The Name That Launched a Thousand Female Sons
Androgynous names are always controversial. But right now, one group of gender-bending names is generating more than the usual heat: -son surnames names for girls.
These names have an explicitly masculine meaning, "son of," that's hard to miss. Applying them to girls drives a certain segment of the populace bananas. On Namipedia, in comments on this blog, and wherever people talk about names, you'll find harsh opinions like this:
"Sad to see that people are still giving their girls masculine boy names like Addison, Emerson, Madison etc. News flash people, the suffix 'son' literally means son. For instance, the origin of the name Addison is 'son of Adam.' These parents put as much thought into naming their girls as a toddler would in naming his hamster."
Buried beneath all the vitriol is an interesting question. Why did parents start naming their daughters "sons"?
Let's take a look at the three top examples: Madison, Addison, and Emerson. All of them feature the powerhouse combo of androgynous formal name and familiar girlish nickname. Maddie, Addy and Emmy surely take part of the credit for the female "son" boom.
Then there's the mermaid factor. When the mermaid in the 1984 movie Splash took the name Madison from a street sign, she made the name fairy-tale feminine for a generation of girls. Once Madison was a hit, Emerson and Addison could easily follow.
Even Madison, though, owes a lot to a name that blazed a trail before it, one that seldom gets credit or blame. It's a traditional female name that's not a bit controversial on its own. That name is Alison.
Alison is an old Norman French pet form of Alice. (Compare to Marion, a pet form of Marie.) It was very common in the Middle Ages; the Wife of Bath in the Canterbury Tales is one period example. The name eventually faded away in France and England, holding on only in Scotland. By the early 20th Century the name was very rare. Americans were more likely to encounter Alison in a Scottish historical novel like The Master of Ballantrae than on a living person.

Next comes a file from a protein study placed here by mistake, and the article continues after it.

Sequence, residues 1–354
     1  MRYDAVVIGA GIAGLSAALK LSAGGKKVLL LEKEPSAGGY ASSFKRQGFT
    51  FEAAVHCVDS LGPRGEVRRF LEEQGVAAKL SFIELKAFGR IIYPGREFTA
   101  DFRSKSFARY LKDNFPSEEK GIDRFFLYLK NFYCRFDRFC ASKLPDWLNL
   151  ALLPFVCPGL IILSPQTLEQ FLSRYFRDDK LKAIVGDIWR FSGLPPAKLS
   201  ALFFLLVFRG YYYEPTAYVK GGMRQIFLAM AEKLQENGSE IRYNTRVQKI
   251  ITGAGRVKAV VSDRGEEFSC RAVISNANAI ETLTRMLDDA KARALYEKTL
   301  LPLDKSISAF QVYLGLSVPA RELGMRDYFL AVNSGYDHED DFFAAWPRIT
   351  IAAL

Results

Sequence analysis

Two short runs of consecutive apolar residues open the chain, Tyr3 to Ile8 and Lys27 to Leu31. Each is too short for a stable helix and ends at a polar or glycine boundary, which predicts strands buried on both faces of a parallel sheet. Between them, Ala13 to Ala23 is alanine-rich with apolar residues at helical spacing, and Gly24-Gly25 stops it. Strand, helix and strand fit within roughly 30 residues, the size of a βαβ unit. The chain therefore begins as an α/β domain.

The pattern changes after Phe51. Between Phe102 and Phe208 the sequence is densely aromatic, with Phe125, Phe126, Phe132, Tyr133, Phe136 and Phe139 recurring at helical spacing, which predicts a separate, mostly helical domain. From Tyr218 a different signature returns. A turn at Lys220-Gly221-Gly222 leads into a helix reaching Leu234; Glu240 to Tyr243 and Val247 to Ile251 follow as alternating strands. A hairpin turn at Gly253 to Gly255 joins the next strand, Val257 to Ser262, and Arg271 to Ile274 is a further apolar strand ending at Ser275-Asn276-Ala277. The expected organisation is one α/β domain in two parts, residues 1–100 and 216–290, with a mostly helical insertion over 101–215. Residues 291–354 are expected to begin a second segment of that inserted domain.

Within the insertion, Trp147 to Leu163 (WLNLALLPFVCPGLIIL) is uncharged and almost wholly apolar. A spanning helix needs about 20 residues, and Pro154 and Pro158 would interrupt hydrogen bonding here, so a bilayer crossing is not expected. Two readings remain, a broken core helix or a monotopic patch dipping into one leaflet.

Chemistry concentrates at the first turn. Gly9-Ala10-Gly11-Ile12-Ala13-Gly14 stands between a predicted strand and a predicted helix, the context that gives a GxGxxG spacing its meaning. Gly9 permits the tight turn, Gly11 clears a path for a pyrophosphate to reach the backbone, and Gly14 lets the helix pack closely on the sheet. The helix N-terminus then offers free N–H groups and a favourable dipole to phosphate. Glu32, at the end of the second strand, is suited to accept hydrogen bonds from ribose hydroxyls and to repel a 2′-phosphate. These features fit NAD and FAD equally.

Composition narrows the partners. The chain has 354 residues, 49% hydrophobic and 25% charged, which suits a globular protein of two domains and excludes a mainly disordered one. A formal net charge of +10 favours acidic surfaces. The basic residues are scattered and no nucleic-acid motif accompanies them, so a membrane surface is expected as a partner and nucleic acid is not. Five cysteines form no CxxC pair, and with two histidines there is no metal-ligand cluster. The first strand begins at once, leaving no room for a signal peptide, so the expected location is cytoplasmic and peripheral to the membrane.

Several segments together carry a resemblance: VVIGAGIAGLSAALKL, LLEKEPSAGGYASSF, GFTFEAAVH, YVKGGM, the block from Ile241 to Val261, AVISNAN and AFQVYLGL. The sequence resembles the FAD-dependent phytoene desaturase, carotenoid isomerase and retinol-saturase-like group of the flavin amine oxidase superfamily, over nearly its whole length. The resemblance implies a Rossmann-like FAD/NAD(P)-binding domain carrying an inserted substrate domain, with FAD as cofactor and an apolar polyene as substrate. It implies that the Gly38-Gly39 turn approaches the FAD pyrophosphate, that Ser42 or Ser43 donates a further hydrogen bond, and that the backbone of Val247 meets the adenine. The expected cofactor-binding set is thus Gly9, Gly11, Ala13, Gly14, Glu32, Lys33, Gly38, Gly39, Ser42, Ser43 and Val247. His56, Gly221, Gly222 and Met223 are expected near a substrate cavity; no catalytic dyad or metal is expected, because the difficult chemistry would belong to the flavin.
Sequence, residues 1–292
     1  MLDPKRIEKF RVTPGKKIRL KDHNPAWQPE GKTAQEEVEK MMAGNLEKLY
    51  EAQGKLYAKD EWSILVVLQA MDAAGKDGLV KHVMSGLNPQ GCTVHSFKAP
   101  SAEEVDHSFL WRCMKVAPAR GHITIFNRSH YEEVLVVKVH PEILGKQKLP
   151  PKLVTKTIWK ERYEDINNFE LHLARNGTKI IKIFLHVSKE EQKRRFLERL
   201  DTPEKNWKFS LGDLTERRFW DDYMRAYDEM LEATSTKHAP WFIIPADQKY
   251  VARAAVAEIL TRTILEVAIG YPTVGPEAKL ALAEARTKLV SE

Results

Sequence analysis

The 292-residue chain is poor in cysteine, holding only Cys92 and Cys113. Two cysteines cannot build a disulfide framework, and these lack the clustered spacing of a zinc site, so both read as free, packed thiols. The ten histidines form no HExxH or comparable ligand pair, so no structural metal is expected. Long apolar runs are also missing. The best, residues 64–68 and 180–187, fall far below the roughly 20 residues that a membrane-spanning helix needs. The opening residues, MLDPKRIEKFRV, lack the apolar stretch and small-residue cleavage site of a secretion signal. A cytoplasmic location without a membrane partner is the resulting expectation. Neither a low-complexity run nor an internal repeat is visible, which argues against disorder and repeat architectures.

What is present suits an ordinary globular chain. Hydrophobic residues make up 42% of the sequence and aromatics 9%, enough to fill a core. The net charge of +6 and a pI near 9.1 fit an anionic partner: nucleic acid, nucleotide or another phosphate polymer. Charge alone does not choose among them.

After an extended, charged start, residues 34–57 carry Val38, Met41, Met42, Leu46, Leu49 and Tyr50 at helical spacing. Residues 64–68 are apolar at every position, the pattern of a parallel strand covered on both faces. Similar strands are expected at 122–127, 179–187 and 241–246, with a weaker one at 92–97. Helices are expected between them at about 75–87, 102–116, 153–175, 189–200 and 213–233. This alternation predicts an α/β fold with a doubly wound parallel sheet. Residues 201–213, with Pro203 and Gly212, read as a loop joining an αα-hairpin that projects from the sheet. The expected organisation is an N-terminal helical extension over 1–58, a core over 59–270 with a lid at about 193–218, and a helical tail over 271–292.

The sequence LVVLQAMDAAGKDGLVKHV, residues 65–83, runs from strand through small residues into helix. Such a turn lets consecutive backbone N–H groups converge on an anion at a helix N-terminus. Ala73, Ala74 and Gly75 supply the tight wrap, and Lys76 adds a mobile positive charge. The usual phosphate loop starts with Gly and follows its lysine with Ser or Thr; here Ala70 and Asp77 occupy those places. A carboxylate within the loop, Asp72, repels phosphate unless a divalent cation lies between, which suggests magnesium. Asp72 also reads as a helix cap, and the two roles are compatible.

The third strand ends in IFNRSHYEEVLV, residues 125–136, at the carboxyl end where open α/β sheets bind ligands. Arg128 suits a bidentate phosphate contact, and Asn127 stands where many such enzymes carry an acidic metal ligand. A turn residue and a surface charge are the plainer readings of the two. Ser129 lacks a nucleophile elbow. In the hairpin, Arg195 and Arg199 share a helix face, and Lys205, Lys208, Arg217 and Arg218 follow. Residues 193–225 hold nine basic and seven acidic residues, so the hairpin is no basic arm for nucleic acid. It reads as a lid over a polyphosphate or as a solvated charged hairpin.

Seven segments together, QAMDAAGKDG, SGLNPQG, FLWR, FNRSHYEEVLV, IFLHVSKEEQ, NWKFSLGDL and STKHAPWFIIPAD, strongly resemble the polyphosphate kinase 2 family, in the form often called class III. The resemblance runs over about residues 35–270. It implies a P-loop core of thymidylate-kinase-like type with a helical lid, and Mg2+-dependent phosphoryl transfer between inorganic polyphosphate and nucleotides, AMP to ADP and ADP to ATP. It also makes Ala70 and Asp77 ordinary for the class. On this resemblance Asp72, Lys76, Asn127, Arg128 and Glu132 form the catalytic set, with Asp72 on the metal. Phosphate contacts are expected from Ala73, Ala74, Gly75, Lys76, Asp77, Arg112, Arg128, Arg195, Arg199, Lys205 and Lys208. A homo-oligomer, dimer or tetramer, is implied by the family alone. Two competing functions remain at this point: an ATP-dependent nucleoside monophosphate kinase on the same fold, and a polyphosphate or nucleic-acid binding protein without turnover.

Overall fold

In the 1940s Alison started to rise in the UK and US alike. And it kept on rising, with popularity eventually spreading to Allison and other spellings. (Allison is actually a surname of separate, unclear origin that used to be mostly masculine.)
I can't find any cultural spark to account for this comeback -- actress June Allyson doesn't quite cut it. I believe we can call it an organic style phenomenon, a traditional-but-fresh name of the time like the Scandinavian import Karen. And just as Karen paved the way for hit names like Megan and Lauren, Alison established a sound that made us ready for Madison the mermaid.
You can see the Alison influence in the rhythm of the new female -son names. Madison, Addison and Emerson all follow Alison's pattern, while most of the hot -son names for boys are two syllables (Jackson, Hudson). You can also see Alison's heirs returning the favor to their ancestor by keeping that name's sound current. The surge of new -son names has helped Alison and Allison maintain rare staying power in this age of fast fashion changes. Allison in particular has ranked in America's top 100 for an impressive 37 years running.
Allison is now the traditional choice in a contemporary genre, the one name that you, your mom and your grandma can all agree on. It's also a popular stepping stone for talking mom and grandma into Emerson. Sorry, messageboard critics. Sons just aren't as male as they used to be.